M got his first term progress report last week and I was pleased to see that he was doing reasonably well in most of his classes. Except art. According to the teacher’s notation, M hadn’t handed in any of his work. Not surprisingly, she rated him as “does not meet expectations.” Basically, he’s failing art.
How can anyone fail art?” You draw or paint what ever the teacher tells you to do and you pass. I know it’s not M’s favourite subject – he indicated at the beginning of the year that he didn’t think he was very good at art. His dad and I told him that he didn’t have to be good. His teacher, we explained, didn’t expect him to be Picasso – he just had to do the work. We did suggest he talk to his teacher, which he did, but I gather she wasn’t very sympathetic. She told him that she’d heard the same thing from other kids in previous years. She added that many of these kids had ended up liking art. Apparently M remains unconvinced.
From time to time, I asked him how art was going and M would grumble about his fact that the teacher wasn’t very nice to him. I didn’t pay too much attention, as M has never been a “glass full” kind of kid – if he doesn’t like something (or someone), then it “sucks,” no matter what anyone tells him.
A couple of weeks ago, his homeroom teacher called to say that M was having problems with some of the other teachers at school. If a teacher M didn’t know and/or liked asked him to do something (or not do something), he was frequently rude and confrontational. Not a big surprise to me – M’s not a big fan of following instructions and he rarely does something just because an adult tells him to do it. In elementary school, he often got into conflicts with supply teachers because they asked him to do things that he was unaccustomed to doing (sitting still, for example) or in a way that was different from the normal routine (such as standing in a line, rather than always being first).
Fortunately for M (and his parents), his homeroom teacher is terrific. He “gets” M and understands that he needs to know why he has to do a particular task before he does it. In addition to taking him around the school to meet other teachers, he explained to M that sometimes a teacher doesn’t have time to give him a full explanation of why he needs to get down from the tree he’s climbing or stay on school property. However, his teacher also laid down the law and told M that talking back and being obnoxious was not permitted. I understand this was followed up by a meeting with the principal and the vice-principal.
After talking to the teacher, M’s complaints about the art teacher made a bit more sense. She may have been crabby with him from time to time, but I figured that this was probably a reaction to something he said. However, when I read his report card, I was surprised to find out he hadn’t submitted any of his work in art class. M’s still getting used to doing homework (his elementary school had a “no homework” policy), but all the art assignments were in-class, so he didn’t have a really good reason for not completing anything.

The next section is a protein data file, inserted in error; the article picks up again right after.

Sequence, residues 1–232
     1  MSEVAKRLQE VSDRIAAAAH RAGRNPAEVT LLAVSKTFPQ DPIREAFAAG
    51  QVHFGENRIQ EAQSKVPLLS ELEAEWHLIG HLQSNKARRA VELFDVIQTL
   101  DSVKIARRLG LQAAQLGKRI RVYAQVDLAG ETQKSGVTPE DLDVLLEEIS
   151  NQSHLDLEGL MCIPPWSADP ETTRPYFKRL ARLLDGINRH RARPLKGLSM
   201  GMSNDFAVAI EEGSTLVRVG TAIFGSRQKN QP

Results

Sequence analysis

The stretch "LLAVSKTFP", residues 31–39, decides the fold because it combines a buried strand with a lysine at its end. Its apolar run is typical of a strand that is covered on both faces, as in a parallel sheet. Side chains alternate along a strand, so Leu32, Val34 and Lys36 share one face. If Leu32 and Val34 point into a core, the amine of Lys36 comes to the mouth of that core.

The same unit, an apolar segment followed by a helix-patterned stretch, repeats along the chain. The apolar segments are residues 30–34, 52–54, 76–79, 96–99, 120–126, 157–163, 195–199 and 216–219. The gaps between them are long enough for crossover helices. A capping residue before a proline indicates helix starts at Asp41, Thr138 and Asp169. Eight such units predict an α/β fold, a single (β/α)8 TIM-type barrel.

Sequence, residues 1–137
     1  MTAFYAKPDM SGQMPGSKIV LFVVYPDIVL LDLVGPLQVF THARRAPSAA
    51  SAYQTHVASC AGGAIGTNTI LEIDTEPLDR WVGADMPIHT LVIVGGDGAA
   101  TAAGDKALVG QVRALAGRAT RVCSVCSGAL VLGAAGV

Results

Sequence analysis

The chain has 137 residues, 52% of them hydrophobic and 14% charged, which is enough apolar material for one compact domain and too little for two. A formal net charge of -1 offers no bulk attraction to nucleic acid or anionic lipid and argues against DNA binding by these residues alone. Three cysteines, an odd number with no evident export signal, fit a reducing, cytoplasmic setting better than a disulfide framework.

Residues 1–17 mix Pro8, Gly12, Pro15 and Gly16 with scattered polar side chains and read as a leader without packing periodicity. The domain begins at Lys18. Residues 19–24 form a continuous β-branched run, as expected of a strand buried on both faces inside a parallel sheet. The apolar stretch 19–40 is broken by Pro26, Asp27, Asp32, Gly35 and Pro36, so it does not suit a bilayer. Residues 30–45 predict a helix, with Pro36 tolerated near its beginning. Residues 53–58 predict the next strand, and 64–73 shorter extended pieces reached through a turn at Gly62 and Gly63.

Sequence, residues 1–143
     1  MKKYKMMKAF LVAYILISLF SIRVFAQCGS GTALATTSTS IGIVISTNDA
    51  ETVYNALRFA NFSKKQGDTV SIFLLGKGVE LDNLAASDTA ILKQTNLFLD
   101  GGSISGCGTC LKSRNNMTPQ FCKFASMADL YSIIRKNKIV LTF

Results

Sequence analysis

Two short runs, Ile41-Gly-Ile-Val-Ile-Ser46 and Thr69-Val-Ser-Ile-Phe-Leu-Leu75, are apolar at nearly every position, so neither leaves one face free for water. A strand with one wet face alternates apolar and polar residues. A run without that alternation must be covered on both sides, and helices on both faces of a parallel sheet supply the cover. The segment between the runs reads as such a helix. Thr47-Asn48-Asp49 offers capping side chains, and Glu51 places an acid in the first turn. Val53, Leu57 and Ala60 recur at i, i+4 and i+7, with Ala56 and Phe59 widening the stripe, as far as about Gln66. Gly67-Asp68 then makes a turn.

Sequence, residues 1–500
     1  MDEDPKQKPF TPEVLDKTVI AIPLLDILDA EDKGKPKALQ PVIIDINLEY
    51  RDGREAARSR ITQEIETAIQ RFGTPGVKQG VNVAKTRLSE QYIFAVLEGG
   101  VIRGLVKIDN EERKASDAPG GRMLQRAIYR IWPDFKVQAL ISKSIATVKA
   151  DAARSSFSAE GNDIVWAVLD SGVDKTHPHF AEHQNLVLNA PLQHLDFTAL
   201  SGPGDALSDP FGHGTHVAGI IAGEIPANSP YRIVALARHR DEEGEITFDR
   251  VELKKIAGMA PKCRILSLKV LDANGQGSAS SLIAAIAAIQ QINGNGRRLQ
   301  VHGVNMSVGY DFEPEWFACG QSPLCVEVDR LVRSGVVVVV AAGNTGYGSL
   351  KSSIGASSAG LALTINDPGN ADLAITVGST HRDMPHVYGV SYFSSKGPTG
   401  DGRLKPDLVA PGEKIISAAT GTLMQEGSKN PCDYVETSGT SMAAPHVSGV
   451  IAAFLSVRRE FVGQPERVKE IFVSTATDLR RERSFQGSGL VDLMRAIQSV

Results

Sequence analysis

When I talked to M about his art grade, he blamed the teacher – I heard a lot of “she’s not nice to me,” plus some “she’s a terrible teacher.” I pointed out that I’d had plenty of teachers I didn’t like and more than one who were downright awful, but that a difficult teacher wasn’t an excuse for not doing the work. “Not as bad as my art teacher,” replied M. I told him that I’d had plenty of horrible teachers, including, one of my Grade 4 teachers, who was about 101 and had an enormous hairy wart on her armpit. Since she favoured sleeveless dresses, even in winter, I saw a lot of that wart. Plus, I distinctly recall that she didn’t like kids. Then there was my Grade 6 math teacher who yelled at the class all the time.
While M’s rudeness is inexcusable, it does sound like art class is probably not that interesting for him. The last few weeks have been spent learning how to draw lines, which in his words, is “boring.” For a kid with ADHD, who’s already defensive about his art ability (or lack thereof), drawing is probably a tough assignment. It requires patience and practice – neither of which is M’s strong suit.
In the long run, failing art won’t make or break M’s academic career. But he needs to learn how to get along with people he doesn’t like. More importantly, he needs to learn to get along with people who don’t like him. He’s been fortunate to have had a number of very good teachers and he developed very strong relationships with them. However, the further on he goes in school and in life, the more likely he is to encounter people he just doesn’t get along with – and he needs to be able to cope. Particularly when that person is in a position of power, either a teacher or in the future, a boss. I’ve worked for plenty of people I didn’t care for and vice versa, but I still had to show up every day and do my work. It’s not fun, but that’s life.
M also needs to figure out how to manage in all his classes, not just the ones he likes. He has a tendency to give up when confronted with a subject or task he doesn’t like or feels he isn’t good at it. M used to complain about French, but he recently got 100% on a French test and realized that he’s very good at congugating verbs (my least favourite part of elementary and high school French class).
So maybe art isn’t M’s thing. But unlike math, there’s no right answer, so it’s hard to fail. After Grade 8, he never needs to take another art class again. For the moment, he just needs to put pencil to paper and hand it in.